Home-Based Outpatient Parenteral Antimicrobial Therapy Associated with Poor Quality of Life


Patients receiving home-based outpatient parenteral antimicrobial therapy who are female and have comorbidities are more likely to have worse outcomes, new research finds.

Sara Keller, MD, MPH, MSPH

Patients receiving home-based outpatient parenteral antimicrobial therapy (OPAT) have poor health outcomes, including health-related quality of life (HRQoL), according to a study recently published in Open Forum Infectious Diseases.

Several factors play a role in HRQoL outcomes in these patients, including the presence of comorbidities, female sex, race, inflammation, and bacterial infections.

“Patients receiving OPAT have a lower median health-related quality of life measure than the median American, likely related to the conditions for which they are receiving OPAT,” leading study researcher, Sara Keller, MD, MPH, MSPH, from Johns Hopkins Medicine, told Contagion®. “We need to know this information, however, to understand how interventions to improve OPAT might also improve HRQoL.”

Patients with peripherally-inserted central catheters (PICCs), tunneled central venous catheters (CVCs), or midline catheters who were receiving OPAT between March 2015 and October 2017 were enrolled (n = 251) in the study. A 10-minute telephone survey comprised of the short-form-12 (SF-12), a 12-item survey used to evaluate patient-reported health outcomes, was performed for each participant. Additionally, investigators collected participants’ demographic and clinical information by extracting these data from electronic health records (EHRs).

The primary outcome for analysis was comprised of the physical composite SF-12 (PCS-12) score and the mental composite SF-12 (MCS-12) score. In the generally healthy American population, scores on the PCS-12 and MCS-12 are a median of 50, with lower scores equating to worse health status. A multivariable linear regression analysis was performed to obtain data on predictors of PCS-12 and MCS-12.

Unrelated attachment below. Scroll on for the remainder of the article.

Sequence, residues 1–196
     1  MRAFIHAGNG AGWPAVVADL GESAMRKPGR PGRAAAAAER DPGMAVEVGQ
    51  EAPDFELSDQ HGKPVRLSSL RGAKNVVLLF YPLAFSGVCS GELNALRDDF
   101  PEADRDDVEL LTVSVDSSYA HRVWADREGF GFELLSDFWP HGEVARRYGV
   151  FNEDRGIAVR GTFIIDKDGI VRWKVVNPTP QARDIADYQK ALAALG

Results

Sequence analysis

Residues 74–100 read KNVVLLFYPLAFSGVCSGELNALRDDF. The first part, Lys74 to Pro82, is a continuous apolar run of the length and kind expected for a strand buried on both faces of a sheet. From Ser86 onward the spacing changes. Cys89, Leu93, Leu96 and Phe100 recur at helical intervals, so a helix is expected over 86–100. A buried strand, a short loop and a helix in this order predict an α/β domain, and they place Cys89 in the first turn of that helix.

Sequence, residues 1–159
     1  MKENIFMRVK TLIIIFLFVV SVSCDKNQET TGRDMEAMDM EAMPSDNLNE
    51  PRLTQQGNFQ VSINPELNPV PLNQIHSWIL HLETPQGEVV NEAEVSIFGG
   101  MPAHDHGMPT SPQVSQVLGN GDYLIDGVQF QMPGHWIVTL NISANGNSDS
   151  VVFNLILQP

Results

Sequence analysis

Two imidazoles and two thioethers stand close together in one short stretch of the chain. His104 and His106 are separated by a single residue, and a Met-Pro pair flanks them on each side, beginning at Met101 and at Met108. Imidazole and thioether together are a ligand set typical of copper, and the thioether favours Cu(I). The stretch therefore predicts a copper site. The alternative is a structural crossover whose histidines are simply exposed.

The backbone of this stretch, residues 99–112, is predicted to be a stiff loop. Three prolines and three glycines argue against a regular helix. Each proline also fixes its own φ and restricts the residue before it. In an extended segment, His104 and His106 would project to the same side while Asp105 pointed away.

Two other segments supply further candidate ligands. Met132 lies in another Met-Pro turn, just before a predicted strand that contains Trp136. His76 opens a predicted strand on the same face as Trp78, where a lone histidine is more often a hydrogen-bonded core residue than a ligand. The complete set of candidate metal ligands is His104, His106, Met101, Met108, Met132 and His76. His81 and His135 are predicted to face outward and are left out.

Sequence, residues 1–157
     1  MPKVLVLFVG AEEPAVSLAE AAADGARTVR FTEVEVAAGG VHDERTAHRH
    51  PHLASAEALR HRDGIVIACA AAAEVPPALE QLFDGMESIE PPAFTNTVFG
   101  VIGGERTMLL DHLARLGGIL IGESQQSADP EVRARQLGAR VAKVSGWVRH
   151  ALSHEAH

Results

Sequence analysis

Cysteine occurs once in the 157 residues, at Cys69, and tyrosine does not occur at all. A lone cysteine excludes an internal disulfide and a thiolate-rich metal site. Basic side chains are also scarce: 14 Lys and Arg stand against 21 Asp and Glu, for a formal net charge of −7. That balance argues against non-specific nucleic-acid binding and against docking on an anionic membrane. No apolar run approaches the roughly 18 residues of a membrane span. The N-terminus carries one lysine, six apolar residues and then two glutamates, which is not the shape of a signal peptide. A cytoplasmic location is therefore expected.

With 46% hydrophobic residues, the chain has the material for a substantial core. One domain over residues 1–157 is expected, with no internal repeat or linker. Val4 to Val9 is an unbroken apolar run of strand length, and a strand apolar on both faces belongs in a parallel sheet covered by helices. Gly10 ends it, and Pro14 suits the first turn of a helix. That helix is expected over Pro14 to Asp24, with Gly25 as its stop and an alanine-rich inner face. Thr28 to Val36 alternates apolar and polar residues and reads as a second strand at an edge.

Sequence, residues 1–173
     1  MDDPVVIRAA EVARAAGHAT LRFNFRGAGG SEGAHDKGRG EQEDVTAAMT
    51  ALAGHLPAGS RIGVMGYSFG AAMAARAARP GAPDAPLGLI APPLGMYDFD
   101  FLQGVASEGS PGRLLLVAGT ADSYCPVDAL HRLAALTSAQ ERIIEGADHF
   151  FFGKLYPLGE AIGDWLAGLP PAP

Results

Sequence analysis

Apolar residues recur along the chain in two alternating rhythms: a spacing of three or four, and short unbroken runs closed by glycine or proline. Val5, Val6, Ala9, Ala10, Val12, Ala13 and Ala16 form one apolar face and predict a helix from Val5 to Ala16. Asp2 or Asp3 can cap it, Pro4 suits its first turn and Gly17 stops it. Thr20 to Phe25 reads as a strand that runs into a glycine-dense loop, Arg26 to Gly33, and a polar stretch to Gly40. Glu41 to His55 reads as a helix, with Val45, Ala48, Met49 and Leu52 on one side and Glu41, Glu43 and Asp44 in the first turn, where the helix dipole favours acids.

More than half (58.1%) of participants had a Charlson Comorbidity Index score of >2, indicating the high prevalence of comorbidities in the population. In the cohort, the median PCS-12 and MCS-12 scores were 40.3 (interquartile range [IQR] 36.1-43.3) and 54.4 (IQR 44.9-60.7), respectively. In the adjusted analysis, patients with either discitis or epidural abscess were more likely to have lower PCS-12 scores (P =.01).

Additionally, female patients were more likely to have lower median MCS-12 scores compared with male patients (P =.013). In regard to race, African Americans had higher median MCS-12 scores compared with white Americans (P =.044). Higher MCS-12 scores were also observed in patients with meningitis, including community-acquired meningitis or neurosyphilis and neuroborreliosis (P =.006).

The main point researchers emphasized is the utility of these data to calculate quality-adjusted life years (QALYs), which are required to evaluate cost-effectiveness outcomes in medicine. “This is a measure that takes into account not just amount of years of life left, but also the quality of the years of life left,” Dr Keller explained. “To calculate QALYs, you need a measure of HRQoL, as calculated here.” Ultimately, the researchers note, these data generated in this study may be useful for calculating the cost-effectiveness associated with OPAT.

Treatment with OPAT likely impacts health-related quality of life, yet the researchers did not fully analyze the impact of this therapy on HRQoL during the analysis. In addition, the study may have been affected by response bias, and the analysis was not sufficiently powered to obtain MCS-12 and PCS-12 score estimates for individual disease conditions.

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